Merlin looked at the archbishop for endless seconds. And then, finally, he nodded once. He didn't say a single word. He didn't have to.


            The others let his silence linger for a time. Then Cayleb cleared his throat.


            "For what it's worth, Merlin, I agree with Maikel. Maybe it's just as well — no, it is just as well — you didn't try to explain all of that to me aboard Dreadnought before Darcos Sound. But it's like I told you that day in King's Harbor, when you killed the krakens. You may be able to conceal what you are, but you can't hide who you are, what you feel. I'm sorry, but you're just not very good at it."


            "Gosh, thanks," Merlin said wryly.


            "Don't mention it." Cayleb grinned at him. "On the other hand, it's going to be quite some time, I imagine, before I really manage to come to grips with all of this. It's going to change a lot of my assumptions."


            "I'm sure it is," Merlin acknowledged. "Still, it's not really going to change most of the constraints we face. There's still that kinetic bombardment system, floating up there in orbit. And there are still those power sources under the Temple I haven't been able to identify. Between the two of them, I think they constitute a damned good argument in favor of maintaining the secret just the way the Brethren have been maintaining it for the last four centuries. I, for one, have absolutely no desire to turn Charis into a second Armageddon Reef."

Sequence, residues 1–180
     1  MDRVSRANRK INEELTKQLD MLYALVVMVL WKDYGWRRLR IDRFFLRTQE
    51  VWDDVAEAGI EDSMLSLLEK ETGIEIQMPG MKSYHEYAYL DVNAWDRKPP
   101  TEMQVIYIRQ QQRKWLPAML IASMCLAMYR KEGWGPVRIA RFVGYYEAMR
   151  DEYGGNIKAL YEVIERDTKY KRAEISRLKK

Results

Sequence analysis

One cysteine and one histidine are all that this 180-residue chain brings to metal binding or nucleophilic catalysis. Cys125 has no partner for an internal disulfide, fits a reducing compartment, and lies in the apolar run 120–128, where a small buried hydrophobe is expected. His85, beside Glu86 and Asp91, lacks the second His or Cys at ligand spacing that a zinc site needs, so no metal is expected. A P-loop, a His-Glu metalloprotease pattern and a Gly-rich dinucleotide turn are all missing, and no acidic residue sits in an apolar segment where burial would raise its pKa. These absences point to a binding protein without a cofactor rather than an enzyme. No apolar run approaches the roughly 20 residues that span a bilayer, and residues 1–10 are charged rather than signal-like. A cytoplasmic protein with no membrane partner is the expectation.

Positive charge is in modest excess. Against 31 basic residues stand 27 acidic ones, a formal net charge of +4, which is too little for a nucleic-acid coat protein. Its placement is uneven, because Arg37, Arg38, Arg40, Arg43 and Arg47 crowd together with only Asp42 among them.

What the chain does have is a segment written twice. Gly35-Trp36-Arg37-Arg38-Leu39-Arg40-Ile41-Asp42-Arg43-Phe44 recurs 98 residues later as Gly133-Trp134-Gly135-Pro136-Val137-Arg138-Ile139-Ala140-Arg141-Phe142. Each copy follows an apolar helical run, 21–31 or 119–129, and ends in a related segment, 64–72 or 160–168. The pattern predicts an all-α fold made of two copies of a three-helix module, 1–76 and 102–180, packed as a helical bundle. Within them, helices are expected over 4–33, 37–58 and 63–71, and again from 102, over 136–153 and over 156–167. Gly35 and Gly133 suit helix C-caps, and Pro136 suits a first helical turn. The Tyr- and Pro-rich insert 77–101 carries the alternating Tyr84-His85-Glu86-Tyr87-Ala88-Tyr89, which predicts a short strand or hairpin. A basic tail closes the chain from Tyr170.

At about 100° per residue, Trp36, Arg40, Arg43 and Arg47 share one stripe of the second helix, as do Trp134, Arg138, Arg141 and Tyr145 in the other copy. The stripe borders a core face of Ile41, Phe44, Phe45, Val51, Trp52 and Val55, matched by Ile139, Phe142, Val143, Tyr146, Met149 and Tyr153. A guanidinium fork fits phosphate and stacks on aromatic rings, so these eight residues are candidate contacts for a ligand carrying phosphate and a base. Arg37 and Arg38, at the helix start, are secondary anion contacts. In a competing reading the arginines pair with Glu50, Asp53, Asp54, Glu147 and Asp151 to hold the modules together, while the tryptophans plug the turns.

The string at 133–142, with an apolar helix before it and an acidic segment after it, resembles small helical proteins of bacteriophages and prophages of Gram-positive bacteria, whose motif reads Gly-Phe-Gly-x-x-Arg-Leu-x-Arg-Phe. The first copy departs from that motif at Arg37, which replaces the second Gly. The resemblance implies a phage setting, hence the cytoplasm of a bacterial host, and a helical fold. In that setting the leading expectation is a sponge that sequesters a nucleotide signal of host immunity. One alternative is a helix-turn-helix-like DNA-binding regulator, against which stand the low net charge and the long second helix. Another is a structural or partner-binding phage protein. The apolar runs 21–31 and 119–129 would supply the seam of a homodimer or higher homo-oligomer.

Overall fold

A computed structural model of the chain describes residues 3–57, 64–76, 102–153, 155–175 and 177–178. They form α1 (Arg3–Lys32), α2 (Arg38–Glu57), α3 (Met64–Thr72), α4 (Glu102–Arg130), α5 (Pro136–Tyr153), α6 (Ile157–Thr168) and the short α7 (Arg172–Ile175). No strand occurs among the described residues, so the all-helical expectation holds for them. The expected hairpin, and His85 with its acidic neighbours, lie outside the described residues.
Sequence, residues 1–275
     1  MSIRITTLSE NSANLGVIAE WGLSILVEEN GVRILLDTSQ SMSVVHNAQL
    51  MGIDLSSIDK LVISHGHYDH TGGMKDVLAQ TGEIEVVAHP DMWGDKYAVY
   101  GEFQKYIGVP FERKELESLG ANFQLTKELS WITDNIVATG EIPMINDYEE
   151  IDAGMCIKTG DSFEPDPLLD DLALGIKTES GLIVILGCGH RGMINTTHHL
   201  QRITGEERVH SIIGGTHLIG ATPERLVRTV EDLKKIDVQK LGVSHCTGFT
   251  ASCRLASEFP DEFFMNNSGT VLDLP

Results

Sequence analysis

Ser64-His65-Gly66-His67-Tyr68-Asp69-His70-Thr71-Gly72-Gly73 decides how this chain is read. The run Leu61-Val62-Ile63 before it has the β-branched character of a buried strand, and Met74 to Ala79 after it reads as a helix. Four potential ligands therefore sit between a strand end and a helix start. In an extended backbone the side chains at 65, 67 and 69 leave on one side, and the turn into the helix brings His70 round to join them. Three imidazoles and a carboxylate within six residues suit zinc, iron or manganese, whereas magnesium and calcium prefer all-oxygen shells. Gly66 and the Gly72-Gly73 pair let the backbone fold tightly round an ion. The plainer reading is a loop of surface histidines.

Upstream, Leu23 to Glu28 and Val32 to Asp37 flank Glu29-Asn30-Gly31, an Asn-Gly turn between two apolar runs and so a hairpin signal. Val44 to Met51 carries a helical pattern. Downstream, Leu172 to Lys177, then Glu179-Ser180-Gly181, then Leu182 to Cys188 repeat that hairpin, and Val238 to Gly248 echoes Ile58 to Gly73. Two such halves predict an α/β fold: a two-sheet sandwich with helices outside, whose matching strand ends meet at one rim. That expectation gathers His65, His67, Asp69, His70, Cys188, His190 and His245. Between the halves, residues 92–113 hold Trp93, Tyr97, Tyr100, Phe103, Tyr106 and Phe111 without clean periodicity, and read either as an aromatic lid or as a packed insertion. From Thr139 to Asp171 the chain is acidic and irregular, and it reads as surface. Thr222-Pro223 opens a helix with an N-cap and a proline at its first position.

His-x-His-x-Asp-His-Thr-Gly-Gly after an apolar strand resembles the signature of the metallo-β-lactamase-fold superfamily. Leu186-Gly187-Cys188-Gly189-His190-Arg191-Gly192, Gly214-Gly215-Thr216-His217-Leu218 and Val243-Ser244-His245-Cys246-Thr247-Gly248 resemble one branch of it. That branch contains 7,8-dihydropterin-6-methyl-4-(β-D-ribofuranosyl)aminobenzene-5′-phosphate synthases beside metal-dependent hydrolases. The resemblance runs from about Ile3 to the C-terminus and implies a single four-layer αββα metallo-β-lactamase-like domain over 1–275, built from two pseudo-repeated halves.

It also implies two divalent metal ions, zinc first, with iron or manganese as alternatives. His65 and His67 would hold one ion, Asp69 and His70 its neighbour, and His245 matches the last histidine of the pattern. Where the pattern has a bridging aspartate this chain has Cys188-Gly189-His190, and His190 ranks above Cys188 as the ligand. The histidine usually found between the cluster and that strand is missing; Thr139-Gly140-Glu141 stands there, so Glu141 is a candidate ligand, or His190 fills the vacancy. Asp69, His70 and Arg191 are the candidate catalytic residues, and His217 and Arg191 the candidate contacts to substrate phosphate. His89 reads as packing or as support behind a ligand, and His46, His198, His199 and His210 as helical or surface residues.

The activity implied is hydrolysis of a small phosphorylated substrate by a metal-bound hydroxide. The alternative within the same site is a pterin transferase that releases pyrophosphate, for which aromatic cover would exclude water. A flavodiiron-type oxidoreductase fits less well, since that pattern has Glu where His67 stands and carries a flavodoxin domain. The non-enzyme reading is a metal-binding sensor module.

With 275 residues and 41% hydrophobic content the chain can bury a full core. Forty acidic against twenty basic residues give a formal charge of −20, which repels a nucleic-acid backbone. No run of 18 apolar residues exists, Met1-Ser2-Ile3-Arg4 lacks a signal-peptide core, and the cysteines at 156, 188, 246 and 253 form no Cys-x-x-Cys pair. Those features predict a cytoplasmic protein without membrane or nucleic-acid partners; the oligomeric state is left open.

"Granted." Cayleb nodded. "But from what you've said, there's an enormous number of things you can teach us, show us."


            "Yes and no." Merlin took another sip of wine, then set his glass aside and leaned forward in his chair, resting his folded forearms on the table.


            "I can teach you, but I can't just hand you the knowledge. For a lot of reasons, including concealment from the Church and whatever remote sensors might be reporting to those power sources under the Temple. But even if I wasn't worried about that particular aspect of it, I couldn't just replace the Church as the source of all authority. People all over Safehold have to learn to do what you already do here in Charis, Cayleb. They have to learn to think. To reject the automatic acceptance of dogma and restrictions simply because someone else — whether it's the Church of God Awaiting or some all-knowing oracle from the lost past — tells them they must accept them. We have to transform Safehold into a world of people who want to understand the physical universe around them. People who are comfortable innovating, thinking of new ways to do new things on their own. That's one reason — the main reason, in a lot of ways — I've made suggestions, pointed out possibilities, and then stood back and let people like Baron Seamount, Ehdwyrd Howsmyn, and Rhaiyan Mychail figure out how to apply them.